8. Scorpius

    Scorpius The Lizard Queen

    Wicked pissah.
     
    • Like Like x 2
  9. beancounter

    beancounter The Fire That Burns Within Forum Moderator

    No I am not eager to be branded as a racist.

    Simply acknowledging predictable responses from my years at VB.

    and again To lose and loser are two different things within different context
     
  10. nigel

    nigel Veteran Member

    Location:
    France
    You'd be justified, though.
     
    • Like Like x 2
  11. schmencer

    schmencer banana hater

    Location:
    Michigan
    Again, feel free to play the victim. And I'm not sure that the distinction between 'to lose' and 'loser' is important here. The issue is that you're categorically calling a group of people 'losers' (or comparing them to losers, whatever) on the basis of a linguistic difference.
     
    • Like Like x 2
  12. kazyeeqen

    kazyeeqen Superb Owl

    Location:
    Idaho, USA
    I am sooo not hiring you. :no:
     
    • Like Like x 1
  13. K-II

    K-II Famous Member

    Is it considered wrong to call it ebonics now? Because that is way shorter.
     
  14. beancounter

    beancounter The Fire That Burns Within Forum Moderator

    Can you say anything more constructive than a "me too" comment?
     
  15. beancounter

    beancounter The Fire That Burns Within Forum Moderator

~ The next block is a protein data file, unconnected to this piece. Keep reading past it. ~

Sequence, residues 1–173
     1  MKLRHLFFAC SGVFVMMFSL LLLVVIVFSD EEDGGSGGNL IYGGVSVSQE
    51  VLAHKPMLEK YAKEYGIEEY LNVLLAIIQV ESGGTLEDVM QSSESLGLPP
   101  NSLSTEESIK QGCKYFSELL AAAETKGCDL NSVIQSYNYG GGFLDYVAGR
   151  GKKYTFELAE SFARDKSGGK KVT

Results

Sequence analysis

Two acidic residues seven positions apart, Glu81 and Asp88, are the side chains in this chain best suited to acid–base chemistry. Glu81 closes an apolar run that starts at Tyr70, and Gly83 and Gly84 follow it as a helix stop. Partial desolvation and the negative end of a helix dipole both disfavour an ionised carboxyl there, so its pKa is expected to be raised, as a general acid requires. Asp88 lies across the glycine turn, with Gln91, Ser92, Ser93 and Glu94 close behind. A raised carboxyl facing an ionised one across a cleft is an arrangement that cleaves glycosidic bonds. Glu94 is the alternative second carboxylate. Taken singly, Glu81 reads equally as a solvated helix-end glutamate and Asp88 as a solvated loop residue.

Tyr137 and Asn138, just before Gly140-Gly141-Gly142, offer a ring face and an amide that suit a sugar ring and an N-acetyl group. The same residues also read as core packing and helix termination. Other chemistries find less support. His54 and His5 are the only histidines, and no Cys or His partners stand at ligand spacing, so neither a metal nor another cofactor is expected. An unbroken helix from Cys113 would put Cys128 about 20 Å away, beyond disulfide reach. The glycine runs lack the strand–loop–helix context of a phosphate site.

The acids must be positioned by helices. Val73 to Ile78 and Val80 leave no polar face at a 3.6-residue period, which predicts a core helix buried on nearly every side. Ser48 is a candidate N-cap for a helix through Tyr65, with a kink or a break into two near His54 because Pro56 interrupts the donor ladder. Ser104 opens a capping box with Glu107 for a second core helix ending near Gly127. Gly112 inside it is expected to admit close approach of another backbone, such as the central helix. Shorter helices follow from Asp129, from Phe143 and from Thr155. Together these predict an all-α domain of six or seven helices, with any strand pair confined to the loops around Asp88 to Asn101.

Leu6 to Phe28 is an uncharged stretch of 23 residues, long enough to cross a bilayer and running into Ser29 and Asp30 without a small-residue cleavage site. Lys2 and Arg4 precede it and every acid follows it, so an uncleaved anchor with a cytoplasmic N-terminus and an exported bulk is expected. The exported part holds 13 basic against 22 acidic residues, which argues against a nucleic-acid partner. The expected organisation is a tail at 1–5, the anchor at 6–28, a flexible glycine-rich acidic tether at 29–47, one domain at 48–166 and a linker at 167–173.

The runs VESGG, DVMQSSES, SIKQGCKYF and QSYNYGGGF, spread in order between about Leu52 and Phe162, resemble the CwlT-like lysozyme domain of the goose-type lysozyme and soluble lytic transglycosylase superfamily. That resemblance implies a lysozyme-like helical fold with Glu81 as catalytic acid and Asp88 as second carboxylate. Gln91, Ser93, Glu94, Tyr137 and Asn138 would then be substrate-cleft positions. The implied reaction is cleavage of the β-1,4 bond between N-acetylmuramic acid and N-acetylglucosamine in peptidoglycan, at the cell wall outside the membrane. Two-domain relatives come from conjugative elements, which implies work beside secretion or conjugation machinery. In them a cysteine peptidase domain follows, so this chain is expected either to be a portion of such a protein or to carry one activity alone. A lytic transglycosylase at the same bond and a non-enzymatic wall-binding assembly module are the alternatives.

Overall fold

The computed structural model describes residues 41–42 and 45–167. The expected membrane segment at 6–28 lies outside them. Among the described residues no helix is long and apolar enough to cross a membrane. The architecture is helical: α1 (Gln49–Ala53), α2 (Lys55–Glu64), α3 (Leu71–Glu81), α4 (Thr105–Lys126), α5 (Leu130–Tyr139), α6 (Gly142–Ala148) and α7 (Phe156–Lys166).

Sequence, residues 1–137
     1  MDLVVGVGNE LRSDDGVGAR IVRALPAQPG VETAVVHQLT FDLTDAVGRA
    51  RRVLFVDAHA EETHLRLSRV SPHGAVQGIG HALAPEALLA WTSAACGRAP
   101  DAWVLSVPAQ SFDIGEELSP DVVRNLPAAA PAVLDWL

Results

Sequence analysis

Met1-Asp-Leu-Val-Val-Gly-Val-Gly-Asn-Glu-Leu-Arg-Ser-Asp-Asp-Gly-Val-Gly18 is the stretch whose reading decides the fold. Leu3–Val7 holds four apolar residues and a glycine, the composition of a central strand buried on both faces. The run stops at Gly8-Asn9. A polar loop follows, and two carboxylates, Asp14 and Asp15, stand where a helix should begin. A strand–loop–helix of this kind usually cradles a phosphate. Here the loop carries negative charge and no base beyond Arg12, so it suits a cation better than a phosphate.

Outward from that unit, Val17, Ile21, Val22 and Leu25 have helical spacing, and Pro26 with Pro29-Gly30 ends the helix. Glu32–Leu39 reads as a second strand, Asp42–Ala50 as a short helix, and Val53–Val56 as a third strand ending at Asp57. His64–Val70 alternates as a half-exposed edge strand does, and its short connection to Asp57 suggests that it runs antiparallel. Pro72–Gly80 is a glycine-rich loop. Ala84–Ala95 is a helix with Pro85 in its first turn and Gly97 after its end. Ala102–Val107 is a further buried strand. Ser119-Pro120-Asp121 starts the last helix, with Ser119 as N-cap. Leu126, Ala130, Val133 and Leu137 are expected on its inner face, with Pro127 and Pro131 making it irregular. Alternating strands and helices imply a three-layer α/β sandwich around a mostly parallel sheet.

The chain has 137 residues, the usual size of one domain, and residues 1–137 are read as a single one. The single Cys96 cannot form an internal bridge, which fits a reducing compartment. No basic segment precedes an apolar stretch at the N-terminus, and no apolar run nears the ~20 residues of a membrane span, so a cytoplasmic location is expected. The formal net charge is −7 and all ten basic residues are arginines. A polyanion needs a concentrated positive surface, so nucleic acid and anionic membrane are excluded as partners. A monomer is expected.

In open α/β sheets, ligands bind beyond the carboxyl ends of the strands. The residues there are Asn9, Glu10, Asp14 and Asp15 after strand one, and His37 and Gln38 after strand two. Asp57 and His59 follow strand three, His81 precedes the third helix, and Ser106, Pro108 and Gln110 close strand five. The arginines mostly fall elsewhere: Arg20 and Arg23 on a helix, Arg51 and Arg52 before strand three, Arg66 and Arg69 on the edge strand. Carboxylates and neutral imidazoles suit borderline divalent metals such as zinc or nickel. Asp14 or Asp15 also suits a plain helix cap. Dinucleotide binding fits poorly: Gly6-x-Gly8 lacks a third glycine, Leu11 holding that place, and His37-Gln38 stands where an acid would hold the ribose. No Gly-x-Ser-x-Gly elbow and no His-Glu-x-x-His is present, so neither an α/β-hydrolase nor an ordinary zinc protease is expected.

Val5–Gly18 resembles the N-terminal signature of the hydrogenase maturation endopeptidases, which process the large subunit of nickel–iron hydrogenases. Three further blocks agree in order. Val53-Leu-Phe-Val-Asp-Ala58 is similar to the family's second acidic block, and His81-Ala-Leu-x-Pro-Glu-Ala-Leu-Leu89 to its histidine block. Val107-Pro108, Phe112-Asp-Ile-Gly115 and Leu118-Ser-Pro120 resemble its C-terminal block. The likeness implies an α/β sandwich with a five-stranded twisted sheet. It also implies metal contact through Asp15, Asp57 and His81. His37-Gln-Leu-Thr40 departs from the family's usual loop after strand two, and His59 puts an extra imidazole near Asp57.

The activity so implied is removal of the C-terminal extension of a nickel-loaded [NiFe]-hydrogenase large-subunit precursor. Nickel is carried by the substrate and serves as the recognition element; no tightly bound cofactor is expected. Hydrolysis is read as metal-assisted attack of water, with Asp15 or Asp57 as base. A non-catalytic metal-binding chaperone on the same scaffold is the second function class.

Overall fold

The distinction is that if they don't learn standard English, it will be harder for them to suceed in life, and I compared that to someone who doesn't practice to improve their game, in which case they are more likely to lose. To call someone a loser is a direct derogotory comment, the intent of which is very different than "to lose", and (based on my early post in this thread) should be obvious that it wasn't my intent.
     
  16. cornsail

    cornsail Renowned Member

    The point is that other grammars aren't "bad" (aside from being non-pragmatic in some circumstances) though. Just different. The reason "standard English" tends to be considered standard/correct is because it happens to be the dialect spoken by the majority, including those with power and influence, not due to some inherent rightness or superiority to other dialects.
     
    • Like Like x 2
  17. cornsail

    cornsail Renowned Member

    As you said, it is on the basis of a linguistic difference. Not a racial difference.
     
  18. Digger

    Digger Guest

    I'm surprised nobody has posted the Barbara Billingsley scene from Airplane where she speaks 'jive'. They probably couldn't get away with that today (as well as a LOT of other material in that movie) but I thought it was pretty funny at the time hearing June Cleaver speak jive.
     
    • Like Like x 1
  19. nigel

    nigel Veteran Member

    Location:
    France
    Her jive was poorly constructed.
     
  20. Freesia

    Freesia not my business.

    I didnt know I had a regional accent until when I was in London I met New zealanders but their accents sounded a little different to I talk and finally I met a girl whose accent sounded similar to mine and I found out she grew up not far away from where I did.

    my accent is also tinged with Australian too as I was in Australia for part of my childhood. If I am with any Australians I start subconsciously talking like them, it is like a switch is flipped. I had an Australian accent from when I was about 3 to about age 10.